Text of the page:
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01.12.2018 | Research | Ausgabe 1/2018 Open Access

Journal of Neuroinflammation 1/2018

Aging exacerbates development of cerebral microbleeds in a mouse model

Journal of Neuroinflammation > Ausgabe 1/2018
Rachita K. Sumbria, Mher Mahoney Grigoryan, Vitaly Vasilevko, Annlia Paganini-Hill, Kelley Kilday, Ronald Kim, David H. Cribbs, Mark J. Fisher
Blood-brain barrier
Cerebral amyloid angiopathy
Cerebral autosomal-dominant arteriopathy with subcortical infarcts and leukoencephalopathy
Cerebral cavernous malformations
Cerebral microbleeds
Cerebral microhemorrhages
Glial fibrillary acidic protein
Hematoxylin and eosin
Ionized calcium-binding adapter molecule-1
Intracerebral hemorrhage
Immunoglobulin G
Prussian blue


Age is the most significant independent risk factor for cerebral microbleeds (CMB), which are identified by brain MRI and have as their pathologic substrate cerebral microhemorrhages (CMH) [1, 2]. In addition to aging, CMB are associated with hypertension, cerebral amyloid angiopathy (CAA), Alzheimer’s disease, cerebral autosomal-dominant arteriopathy with subcortical infarcts and leukoencephalopathy (CADASIL), and chronic kidney disease, among other diseases [37]. Despite their high prevalence and clinical importance, the mechanisms underlying age-related CMB increase are not well-understood. One mechanism suggested by clinical findings is the activation of inflammatory cascades followed by blood-brain barrier (BBB) damage resulting in CMH development [811]. In fact, a pro-inflammatory systemic state is a common factor observed in normal aging and diseases with a high prevalence of CMB [1215].
Recently, we showed that systemic inflammation induced by lipopolysaccharide (LPS) administration results in CMH development in mice and that CMH development was associated with levels of systemic and neuroinflammatory markers [2, 16]. However, the relationships among aging, inflammation, and CMH development are not well-defined [3]. The current study aimed to determine if aging exacerbates inflammation-induced CMH, and we hypothesized that the pathogenesis of inflammation-induced CMH in mice differs by age. We utilized the inflammation-induced CMH mouse model which results in MRI-demonstrable CMB [2]. LPS was used as the inflammatory stimulus to induce CMH development in young (3-month old) and aged (18-month old) mice. Age-related changes in both hematoxylin and eosin (H&E)-positive (acute) and Prussian blue-positive (sub-acute) CMH were examined in relationship to markers of neuroinflammation and BBB damage.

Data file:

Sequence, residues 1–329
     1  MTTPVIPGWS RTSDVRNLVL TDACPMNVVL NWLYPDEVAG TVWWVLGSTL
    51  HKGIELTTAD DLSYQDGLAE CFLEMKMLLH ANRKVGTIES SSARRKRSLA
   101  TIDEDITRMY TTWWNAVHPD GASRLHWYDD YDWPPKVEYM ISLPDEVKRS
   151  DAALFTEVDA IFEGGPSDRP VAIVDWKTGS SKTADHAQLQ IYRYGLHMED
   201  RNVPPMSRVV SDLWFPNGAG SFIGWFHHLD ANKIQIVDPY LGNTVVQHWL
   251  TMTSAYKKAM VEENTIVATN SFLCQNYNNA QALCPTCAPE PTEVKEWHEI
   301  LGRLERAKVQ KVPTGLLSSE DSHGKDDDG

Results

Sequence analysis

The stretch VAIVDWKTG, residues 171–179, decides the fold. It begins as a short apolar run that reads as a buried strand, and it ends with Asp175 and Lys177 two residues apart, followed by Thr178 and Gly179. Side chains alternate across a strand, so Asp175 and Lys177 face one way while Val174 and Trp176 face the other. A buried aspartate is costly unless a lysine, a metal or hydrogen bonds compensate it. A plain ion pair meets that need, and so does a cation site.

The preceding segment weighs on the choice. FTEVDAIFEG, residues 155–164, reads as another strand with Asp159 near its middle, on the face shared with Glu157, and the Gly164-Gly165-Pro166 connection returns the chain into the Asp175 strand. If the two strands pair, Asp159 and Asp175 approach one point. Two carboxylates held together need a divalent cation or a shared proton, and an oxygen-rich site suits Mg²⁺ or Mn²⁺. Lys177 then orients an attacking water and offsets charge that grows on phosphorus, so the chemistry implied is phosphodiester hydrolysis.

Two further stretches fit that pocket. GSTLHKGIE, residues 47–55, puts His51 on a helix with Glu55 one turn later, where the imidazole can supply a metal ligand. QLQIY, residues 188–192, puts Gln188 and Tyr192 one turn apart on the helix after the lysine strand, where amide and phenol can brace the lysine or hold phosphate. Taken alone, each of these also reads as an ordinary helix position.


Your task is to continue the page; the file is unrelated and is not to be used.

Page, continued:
Mouse treatment

All animal procedures were approved by the University of California, Irvine, Institutional Animal Care and Use Committee, and followed the ARRIVE Guidelines for animal experiments reporting. Young (3-month old) and aged (18-month old) C57BL/6 male and female mice (National Institute of Aging, Bethesda, MD) were randomly assigned to two treatment groups: one treated with a 1 mg/kg dose of LPS derived from gram-negative bacterium Salmonella typhimurium (Sigma-Aldrich, St. Louis, MO) and the other treated with saline intraperitoneally (i.p.) at three times at 0, 6, and 24 h. Seven days after the first LPS/saline injection, mice were anesthetized with a lethal dose of Nembutal (150 mg/kg, i.p.), cardiac perfusions were performed using ice-cold PBS, and brains were processed for CMH detection as described in our previous work [16]. The sample size for each group was as follows: young-saline = 10, aged-saline = 10, young-LPS = 10, and aged-LPS = 15. The average weight of the mice was 28.1 ± 0.9 g at the beginning of the study and 27.1 ± 0.8 at the end of the study.

Microhemorrhage detection